Our traditional boat enjoyed some wonderful sightings today with a range of toothed whale species decorating the deep blue surface of the Atlantic including Bottlenose dolphins (Tursiops truncatus), Short-beaked common dolphins (Delphinus delphis) and Striped dolphins (Stenella coeruleoalba). Of course I made an effort to share as much information as possible with our lovely guests and this is often coupled with questions from my listeners. I simply love questions from our guests since it also prompts to get my nose back into the books and do some digging. The beautiful thing about the natural world is that there is always more to learn and understand and this is especially true for cetaceans.
One enthusiastic guest asked how dolphins regulate pressure in their ears when they dive. Well first of all, a dolphins ear is differently structured to that of a humans. Like in humans it is located just behind the eyes but unlike in humans it is very small and does not directly receive sounds from the marine environment. Instead sound propagates through their throat where it eventually reaches the inner ear after passing through fat-filled cavities, a hearing mechanism perfectly adapted to their sonar use.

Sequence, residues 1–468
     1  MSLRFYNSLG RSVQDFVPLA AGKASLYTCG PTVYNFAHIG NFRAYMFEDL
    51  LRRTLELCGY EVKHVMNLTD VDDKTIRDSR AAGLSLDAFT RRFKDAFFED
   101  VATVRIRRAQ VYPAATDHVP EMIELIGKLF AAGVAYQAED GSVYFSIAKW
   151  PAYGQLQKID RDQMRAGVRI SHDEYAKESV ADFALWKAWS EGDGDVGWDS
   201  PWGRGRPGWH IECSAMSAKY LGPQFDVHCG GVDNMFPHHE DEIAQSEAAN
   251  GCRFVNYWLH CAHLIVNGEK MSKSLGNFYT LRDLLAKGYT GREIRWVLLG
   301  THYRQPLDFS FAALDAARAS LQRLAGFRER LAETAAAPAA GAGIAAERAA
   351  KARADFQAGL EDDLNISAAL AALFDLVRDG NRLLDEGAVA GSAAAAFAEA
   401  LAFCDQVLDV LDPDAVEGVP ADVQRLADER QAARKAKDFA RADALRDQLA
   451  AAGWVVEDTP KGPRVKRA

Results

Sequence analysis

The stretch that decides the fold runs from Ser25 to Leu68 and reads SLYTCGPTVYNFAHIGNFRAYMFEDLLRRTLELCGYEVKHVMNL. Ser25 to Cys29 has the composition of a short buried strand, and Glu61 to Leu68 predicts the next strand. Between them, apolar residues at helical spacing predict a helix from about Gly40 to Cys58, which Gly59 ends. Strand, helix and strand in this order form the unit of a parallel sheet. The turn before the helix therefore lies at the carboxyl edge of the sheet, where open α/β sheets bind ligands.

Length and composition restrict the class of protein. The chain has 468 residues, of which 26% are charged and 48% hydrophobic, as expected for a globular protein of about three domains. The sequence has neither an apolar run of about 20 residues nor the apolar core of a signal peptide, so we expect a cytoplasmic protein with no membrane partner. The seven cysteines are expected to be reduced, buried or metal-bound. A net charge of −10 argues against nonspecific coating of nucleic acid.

A study conducted on Striped dolphins in 2007 also shed some light on how this organ helps the animal regulate pressure and prevent barotrauma during diving. The scientists anatomical and histological study on the six stranded animals highlights the importance of the corpus cavernosum, a structure that fills the cavities of the middle ear in dolphins. It consists of erectile tissue that allows the structure to regulate the air-filled cavities of the middle ear, a potential obstacle for these mammals during deeper dives. The researchers suggest possible functional variations in the structure during diving may be the solution to this problem, with it being turgid in shallow waters and narrow in deeper waters.
This possible adaptation remains a theory and may not be applied to the ears all dolphins but certainly shows the important role of this organ in cetaceans. Another lesson learned after an encounter with these wonderful creatures.
By Paula Thake
Sightings of the day
10:00 Bottlenose dolphins, Short-beaked common dolphins, Striped dolphins